(i) Brown tree snake -- Colubridae -- Boiga irregularis;

    (ii) Black-necked spitting cobra -- Elapidae -- Naja nigricollis;

    (iii) Cape cobra -- Elapidae -- Naja nivea;

    (iv) Copperheads and cottonmouths -- Viperidae -- Agkistrodon All species and hybrids;

    (v) Puff adders -- Viperidae -- Bitis All species and hybrids except Bitis gabonica and B. nasicornis;

    (vi) Lanceheads -- Viperidae -- Bothrops All species and hybrids;

    (vii) Palm pit vipers -- Viperidae -- Bothriechis All species and hybrids;

    (viii) Rattlesnakes -- Viperidae -- All nonnative species and hybrids except Crotalus aquilus, C. basiliscus, C. durissus, C. intermedius, C. polystictus, C. pusillus, C. tortugensis, C. triseriatus, C. unicolor, and C. vegrandis;

    (ix) Mid-east vipers -- Viperidae -- Daboia All species and hybrids;

    (x) Pygmy rattlesnake -- Viperidae -- Sistrurus catenatus;

    (xi) Asian pit vipers -- Viperidae -- Trimeresurus All species and hybrids;

    (xii) Wagler’s palm viper -- Viperidae -- Tropidolaemus wagleri;

    (xiii) Sand vipers -- Viperidae -- Vipera All species and hybrids.

  • 1 decade ago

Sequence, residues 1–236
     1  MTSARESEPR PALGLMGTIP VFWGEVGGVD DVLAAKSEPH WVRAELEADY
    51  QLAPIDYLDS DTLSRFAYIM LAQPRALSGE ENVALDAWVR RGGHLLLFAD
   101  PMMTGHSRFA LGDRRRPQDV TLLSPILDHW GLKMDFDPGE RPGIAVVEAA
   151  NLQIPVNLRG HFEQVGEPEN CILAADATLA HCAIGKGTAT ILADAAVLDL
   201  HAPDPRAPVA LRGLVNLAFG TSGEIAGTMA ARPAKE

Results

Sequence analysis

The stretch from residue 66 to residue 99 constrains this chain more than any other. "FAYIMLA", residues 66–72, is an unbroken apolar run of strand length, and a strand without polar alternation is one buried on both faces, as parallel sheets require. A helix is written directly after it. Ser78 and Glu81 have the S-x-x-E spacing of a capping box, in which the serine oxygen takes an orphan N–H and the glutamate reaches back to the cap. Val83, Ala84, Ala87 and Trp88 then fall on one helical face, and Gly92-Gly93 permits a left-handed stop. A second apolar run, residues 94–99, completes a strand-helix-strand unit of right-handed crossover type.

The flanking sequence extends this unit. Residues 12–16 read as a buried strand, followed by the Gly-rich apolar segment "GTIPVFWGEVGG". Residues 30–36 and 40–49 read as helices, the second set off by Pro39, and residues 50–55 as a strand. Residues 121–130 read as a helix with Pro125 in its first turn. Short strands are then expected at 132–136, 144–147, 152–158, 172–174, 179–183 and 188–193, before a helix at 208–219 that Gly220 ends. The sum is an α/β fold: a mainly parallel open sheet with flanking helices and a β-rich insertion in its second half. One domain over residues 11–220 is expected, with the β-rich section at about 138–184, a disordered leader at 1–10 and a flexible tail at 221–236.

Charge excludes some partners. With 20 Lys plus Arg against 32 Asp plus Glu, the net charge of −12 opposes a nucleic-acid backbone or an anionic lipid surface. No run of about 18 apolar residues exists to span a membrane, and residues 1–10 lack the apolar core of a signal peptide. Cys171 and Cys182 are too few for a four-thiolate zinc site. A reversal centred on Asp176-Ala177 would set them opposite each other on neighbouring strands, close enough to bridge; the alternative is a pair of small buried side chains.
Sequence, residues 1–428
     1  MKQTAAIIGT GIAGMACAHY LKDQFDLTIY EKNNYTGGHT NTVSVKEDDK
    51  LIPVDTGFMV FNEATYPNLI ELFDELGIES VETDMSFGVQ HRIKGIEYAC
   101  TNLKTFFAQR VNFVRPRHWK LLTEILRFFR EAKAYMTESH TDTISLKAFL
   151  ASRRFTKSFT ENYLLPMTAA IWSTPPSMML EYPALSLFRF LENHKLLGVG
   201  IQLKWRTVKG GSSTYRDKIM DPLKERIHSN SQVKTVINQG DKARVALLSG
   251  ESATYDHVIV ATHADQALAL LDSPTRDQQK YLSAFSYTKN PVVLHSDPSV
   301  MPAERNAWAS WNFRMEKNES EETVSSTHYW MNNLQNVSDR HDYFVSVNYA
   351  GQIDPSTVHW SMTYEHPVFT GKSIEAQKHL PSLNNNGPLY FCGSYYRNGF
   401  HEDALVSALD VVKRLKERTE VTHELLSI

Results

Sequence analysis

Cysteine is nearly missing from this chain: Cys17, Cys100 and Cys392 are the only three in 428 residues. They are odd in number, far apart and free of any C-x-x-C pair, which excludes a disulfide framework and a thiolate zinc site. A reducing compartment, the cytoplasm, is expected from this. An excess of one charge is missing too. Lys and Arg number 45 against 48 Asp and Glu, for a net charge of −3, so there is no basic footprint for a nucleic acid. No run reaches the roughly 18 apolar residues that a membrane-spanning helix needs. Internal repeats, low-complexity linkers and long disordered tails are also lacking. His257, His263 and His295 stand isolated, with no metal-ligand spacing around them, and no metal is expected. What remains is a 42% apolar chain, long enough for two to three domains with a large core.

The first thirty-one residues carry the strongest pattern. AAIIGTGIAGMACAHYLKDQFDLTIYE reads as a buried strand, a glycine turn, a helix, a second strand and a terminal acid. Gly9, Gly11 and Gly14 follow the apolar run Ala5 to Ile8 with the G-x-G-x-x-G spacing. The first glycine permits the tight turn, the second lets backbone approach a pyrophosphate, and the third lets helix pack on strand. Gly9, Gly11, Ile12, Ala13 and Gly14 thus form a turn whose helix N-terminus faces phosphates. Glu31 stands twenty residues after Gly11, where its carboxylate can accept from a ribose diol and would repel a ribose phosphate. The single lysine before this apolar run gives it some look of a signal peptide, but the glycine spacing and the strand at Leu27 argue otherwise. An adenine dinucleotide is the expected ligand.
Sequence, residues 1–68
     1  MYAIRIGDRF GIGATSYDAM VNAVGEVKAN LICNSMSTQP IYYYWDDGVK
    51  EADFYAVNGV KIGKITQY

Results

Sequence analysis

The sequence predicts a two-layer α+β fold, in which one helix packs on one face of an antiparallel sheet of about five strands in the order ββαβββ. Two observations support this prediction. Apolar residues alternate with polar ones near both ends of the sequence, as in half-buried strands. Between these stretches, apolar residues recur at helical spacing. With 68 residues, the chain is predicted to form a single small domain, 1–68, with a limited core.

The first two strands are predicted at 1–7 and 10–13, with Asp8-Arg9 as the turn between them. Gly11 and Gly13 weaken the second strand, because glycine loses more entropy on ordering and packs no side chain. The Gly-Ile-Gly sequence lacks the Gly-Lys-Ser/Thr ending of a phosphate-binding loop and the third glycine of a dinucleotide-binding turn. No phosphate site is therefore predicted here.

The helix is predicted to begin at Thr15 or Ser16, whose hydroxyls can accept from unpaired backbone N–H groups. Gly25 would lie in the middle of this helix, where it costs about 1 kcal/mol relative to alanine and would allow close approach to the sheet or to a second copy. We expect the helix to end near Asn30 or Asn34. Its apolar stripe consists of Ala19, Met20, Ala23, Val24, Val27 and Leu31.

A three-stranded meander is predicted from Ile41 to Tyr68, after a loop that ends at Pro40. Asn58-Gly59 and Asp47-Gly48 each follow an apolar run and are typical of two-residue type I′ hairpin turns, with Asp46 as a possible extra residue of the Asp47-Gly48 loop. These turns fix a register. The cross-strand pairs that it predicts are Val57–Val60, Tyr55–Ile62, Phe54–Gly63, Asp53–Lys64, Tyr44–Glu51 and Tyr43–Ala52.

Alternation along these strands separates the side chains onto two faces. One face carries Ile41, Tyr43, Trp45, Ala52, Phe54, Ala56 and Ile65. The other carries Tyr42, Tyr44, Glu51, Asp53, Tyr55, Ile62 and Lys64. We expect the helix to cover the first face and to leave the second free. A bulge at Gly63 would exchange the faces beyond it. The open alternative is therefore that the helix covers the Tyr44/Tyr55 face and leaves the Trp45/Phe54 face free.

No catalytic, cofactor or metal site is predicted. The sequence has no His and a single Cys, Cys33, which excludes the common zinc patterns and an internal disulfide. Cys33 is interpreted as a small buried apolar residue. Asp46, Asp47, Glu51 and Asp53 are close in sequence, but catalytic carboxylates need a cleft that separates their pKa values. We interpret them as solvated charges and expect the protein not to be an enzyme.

check with the fish and game but here is what i found

    if you are asking this i assume you have never kept a venomous snake which if im right then you should not be getting a cobra anyway. they are not beginner snakes and can be very hard to handle. getting one to be cool is a stupid reason i hope thats not why you want one. either way you should have a lot of experience with venomous snakes before getting into elapids.

    Arizona:

    Native Venomous: No permit is required, however other restrictions apply. Please contact Arizona Game and Fish Department for all the details

    Exotic Venomous: Permit is required

    Protected Native Venomous: Permit required

    Arizona Game and Fish

    Permits Coordinator

    2221 W. Greenway Road

    Phoenix, AZ 85023

  • 3 years ago

    Poisonous Snakes In Arizona

  • 3 years ago

    Snakes In Oregon

  • How do you think about the answers? You can sign in to vote the answer.
  • Anonymous
    1 decade ago

    No, it is not legal. You will not be able to own a cobra without having a license to keep the animal. You will definitely need to be experienced to keep a cobra, which I hope you are and know the risks. I live in Arizona, and you need a license to keep any venomous snake/animal, which seems to be the law in many states if not all.

    Source(s): Have 8 reptiles: 2 normal ball pythons, mexican black king snake, western hognose, dumeril's boa, corn snake, giant leopard gecko, and a red eared slider. Have done much research on many different reptiles.
  • 1 decade ago

    You should check your local Fish and wildlife department, Email them or call them, they'll tell you if you can and what permits you need etc.

  • 3 years ago

    Chris Johnson and Mike Hopkins posted the same question. You should see the answers side by side.

  • 1 decade ago

    I think it depends on the county/city within the state itself.

    Check with your local town supervisor.

Still have questions? Get your answers by asking now.